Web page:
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More Top Stories: Drake, Susan Boyle and ABBA

September 22, 2010 10:00 AM ET

Drake, Justin Timberlake to Help Launch MTV's 'The Seven'
Drake, Justin Timberlake and the principle actors from The Social Network will co-host Monday's premiere episode of The Seven, MTV's new pop culture show. [Press Release]

Lou Reed Lets Susan Boyle Cover "Perfect Day" After All
After being denied permission to cover Lou Reed's "Perfect Day" on America's Got Talent, Susan Boyle finally has permission from the Velvet Underground singer to make the Transformer track the first single off her upcoming album The Gift. [The Guardian]

ABBA to Sue Right Wingers Over Use of Their Song
Don Henley, Jackson Browne and David Byrne have all filed lawsuits against right-wing political parties for using their songs on the campaign trail. Now add ABBA to that list: The Swedish band will pursue legal action against the far-right Danish People's Party, after the political group changed the words of "Mamma Mia" to "Mamma Pia," in honor of their leader Pia Kjaersgaard. [BBC]

Heart's Nancy Wilson, Cameron Crowe Divorcing
Heart's Nancy Wilson has filed for divorce from her husband of 24 years, Almost Famous director Cameron Crowe. [Reuters]

Justin Townes Earle Cancels Tour, Enters Rehab
Justin Townes Earle (son of Steve Earle) has canceled his remaining 2010 tour dates and entered rehab. Last week, Earle was arrested following a brawl at an Indianapolis venue. [Justin Townes Earle]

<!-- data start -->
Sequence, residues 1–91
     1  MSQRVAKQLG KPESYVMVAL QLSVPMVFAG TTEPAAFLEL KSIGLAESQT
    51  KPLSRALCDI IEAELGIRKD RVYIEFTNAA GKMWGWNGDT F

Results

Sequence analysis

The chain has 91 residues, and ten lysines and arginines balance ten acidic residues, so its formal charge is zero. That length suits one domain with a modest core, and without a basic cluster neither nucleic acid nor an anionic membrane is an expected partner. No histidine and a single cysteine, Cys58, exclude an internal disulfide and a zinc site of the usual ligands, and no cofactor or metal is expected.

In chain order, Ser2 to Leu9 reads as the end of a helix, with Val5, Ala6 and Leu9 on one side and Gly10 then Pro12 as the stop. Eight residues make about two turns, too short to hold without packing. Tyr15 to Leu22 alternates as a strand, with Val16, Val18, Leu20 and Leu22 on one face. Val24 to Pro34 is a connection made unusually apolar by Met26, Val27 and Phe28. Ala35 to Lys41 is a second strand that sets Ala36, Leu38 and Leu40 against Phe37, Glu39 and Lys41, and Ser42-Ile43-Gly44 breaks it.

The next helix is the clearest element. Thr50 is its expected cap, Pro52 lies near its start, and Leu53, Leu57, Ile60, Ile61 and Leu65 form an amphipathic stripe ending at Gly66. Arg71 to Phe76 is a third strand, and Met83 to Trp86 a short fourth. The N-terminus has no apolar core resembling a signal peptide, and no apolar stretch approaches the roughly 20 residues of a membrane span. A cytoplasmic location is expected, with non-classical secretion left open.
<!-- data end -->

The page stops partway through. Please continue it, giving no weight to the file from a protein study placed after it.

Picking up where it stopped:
Plus: Radiohead taking stock of new material, Bret Michaels schedules heart surgery and more.

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Song Stories

“Money For Nothing”

Dire Straits | 1984

Mark Knopfler wrote this song with Sting, and it wasn’t without controversy. The Dire Straits frontman's original lyric used the word “faggot” to describe a singer who got their “money for nothing and their chicks for free.” Even though the slur was edited out in many versions, the band, and Knopfler, still took plenty of criticism for the term. “I got an objection from the editor of a gay newspaper in London--he actually said it was below the belt,” Knopfler told Rolling Stone. Still, "Money For Nothing," undoubtedly augmented by its innovative early computer-animated video, stayed at Number One for three weeks.

More Song Stories entries »
 
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